Out of two global disasters comes the newly released debut novel by Castlemaine’s Maz Wilson.
Ghetto traces the life of a young Australian photographer as she takes a ‘gonzo’ plunge into the ghetto, sharing a rundown terrace with grungers in inner Melbourne, squatting in a condemned tenement with ‘fringe dwellers’ in London and living with artists in a seedy loft in Manhattan.
Then, instead of covering the story, Alex becomes part of one, as she escapes New York’s most audacious attack.
While a work of fiction, Ghetto is strongly grounded in fact surrounding the 2001 9/11 World Trade Centre twin towers attack, and the book’s release coincides with the 20th anniversary of that catastrophic event that triggered the war on Afghanistan.
“I went to writing school at RMIT and at that time 9/11 hit,” recounts widely-travelled Wilson whose prior published non-fiction works include Life on the Edge and Brunswick Street Art & Revolution.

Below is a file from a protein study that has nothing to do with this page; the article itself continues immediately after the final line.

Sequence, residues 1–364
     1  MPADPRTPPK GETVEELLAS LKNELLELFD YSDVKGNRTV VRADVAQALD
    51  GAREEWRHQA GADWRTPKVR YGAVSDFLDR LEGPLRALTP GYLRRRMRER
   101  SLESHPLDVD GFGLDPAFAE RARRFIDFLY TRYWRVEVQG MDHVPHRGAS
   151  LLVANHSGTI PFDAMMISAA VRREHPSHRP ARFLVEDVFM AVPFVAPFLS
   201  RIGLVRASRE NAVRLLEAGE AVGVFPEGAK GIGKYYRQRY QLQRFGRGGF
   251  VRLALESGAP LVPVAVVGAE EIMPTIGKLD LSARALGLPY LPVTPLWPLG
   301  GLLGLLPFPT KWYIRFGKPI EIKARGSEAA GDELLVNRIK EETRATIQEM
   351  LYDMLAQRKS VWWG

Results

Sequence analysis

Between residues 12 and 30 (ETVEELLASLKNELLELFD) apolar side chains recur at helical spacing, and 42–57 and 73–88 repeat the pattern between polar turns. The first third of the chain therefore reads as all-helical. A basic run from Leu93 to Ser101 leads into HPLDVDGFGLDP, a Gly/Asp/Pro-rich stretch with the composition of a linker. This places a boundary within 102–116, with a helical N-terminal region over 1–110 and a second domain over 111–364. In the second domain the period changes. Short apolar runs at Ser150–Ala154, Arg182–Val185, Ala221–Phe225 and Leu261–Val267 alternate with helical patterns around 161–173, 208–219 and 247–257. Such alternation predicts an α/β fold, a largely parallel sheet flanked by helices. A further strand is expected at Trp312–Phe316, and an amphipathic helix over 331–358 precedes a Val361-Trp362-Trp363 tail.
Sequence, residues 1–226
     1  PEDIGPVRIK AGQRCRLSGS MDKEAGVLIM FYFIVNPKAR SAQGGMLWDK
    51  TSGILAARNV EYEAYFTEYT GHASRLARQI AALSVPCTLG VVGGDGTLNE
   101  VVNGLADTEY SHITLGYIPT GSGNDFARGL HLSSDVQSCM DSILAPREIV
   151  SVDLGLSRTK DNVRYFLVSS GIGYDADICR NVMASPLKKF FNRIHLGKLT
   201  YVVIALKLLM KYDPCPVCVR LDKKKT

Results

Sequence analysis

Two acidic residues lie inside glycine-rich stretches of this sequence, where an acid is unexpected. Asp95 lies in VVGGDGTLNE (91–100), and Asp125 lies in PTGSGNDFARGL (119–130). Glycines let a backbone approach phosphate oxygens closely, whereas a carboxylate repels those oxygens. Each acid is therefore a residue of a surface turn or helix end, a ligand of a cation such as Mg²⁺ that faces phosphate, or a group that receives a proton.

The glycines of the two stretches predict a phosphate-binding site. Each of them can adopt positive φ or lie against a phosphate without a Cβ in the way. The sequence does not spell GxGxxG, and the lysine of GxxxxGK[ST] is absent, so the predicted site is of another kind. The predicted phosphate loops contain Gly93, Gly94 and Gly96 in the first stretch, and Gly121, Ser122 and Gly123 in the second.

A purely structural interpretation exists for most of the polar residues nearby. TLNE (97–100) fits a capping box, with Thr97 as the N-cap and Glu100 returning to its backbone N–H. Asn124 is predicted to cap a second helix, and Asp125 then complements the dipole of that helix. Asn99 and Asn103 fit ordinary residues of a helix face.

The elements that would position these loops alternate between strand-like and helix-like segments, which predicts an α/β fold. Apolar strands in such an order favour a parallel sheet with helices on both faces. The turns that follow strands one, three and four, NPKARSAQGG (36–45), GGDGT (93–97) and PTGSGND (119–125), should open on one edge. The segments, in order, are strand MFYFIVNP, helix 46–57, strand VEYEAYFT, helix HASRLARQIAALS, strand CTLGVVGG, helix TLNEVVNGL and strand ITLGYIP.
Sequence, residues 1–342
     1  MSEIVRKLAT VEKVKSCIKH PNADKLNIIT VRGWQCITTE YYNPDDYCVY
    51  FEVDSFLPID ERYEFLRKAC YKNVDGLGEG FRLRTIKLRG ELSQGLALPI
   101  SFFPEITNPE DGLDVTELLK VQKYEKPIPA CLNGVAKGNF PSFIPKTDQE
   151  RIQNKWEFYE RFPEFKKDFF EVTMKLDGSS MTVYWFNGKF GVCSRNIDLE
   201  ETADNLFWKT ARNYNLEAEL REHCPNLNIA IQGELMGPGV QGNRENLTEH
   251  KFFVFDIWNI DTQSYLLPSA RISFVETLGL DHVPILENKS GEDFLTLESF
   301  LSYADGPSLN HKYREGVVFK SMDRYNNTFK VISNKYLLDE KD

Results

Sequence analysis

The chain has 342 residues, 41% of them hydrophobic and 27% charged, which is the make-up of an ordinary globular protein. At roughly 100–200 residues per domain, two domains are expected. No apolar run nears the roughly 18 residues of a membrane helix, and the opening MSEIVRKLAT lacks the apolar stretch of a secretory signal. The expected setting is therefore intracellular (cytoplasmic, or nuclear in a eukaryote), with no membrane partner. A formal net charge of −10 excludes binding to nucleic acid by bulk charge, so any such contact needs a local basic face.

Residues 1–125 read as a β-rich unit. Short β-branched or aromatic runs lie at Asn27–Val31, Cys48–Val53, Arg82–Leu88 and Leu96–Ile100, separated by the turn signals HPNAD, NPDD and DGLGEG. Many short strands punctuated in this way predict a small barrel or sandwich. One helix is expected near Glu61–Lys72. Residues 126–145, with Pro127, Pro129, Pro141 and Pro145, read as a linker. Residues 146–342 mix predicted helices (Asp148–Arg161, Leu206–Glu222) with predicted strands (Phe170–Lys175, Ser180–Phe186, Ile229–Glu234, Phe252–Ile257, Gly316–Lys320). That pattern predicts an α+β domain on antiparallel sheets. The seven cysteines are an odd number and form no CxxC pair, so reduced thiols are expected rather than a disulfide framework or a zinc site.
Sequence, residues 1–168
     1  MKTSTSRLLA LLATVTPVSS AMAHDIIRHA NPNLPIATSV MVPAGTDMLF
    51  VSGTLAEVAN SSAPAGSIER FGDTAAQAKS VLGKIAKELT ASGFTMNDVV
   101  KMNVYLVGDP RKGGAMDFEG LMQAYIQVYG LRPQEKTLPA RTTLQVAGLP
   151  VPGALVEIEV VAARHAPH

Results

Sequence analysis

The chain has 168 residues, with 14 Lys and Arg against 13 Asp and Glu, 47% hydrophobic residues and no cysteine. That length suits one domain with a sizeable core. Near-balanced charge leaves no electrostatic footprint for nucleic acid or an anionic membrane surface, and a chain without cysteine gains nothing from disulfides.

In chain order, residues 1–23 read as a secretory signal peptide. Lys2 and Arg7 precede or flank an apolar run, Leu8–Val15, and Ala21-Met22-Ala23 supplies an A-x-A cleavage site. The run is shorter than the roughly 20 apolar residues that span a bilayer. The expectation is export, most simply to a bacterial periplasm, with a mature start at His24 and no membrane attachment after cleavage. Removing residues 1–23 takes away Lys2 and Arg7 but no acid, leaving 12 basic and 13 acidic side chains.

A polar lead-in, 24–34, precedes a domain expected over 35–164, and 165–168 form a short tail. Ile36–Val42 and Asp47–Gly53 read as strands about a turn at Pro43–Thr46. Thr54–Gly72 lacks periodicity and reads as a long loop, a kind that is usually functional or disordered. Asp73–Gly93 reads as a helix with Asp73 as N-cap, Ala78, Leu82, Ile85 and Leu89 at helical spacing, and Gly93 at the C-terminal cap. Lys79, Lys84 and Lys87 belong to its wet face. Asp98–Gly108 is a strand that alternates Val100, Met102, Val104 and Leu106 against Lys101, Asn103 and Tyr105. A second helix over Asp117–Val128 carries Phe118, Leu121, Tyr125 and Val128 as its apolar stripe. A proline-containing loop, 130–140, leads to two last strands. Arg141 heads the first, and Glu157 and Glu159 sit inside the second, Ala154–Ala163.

The second global calamity that brought the book into being is the COVID-19 pandemic with the writer acknowledging that it was finding herself in lockdown that brought the book into being.
“You can thank COVID for that,” she says.
It had been fomenting for two decades – ever since the date of the actual twin towers attack when Wilson, at the time studying writing at RMIT, was prompted to start taking notes recording the devastating historic event as it unfolded before the eyes of the world.
She says that in writing Ghetto she drew heavily on factual news reports alongside her own personal experiences of locations in which her narrative unwinds including Fitzroy, London and New York. Read more in today’s Mail…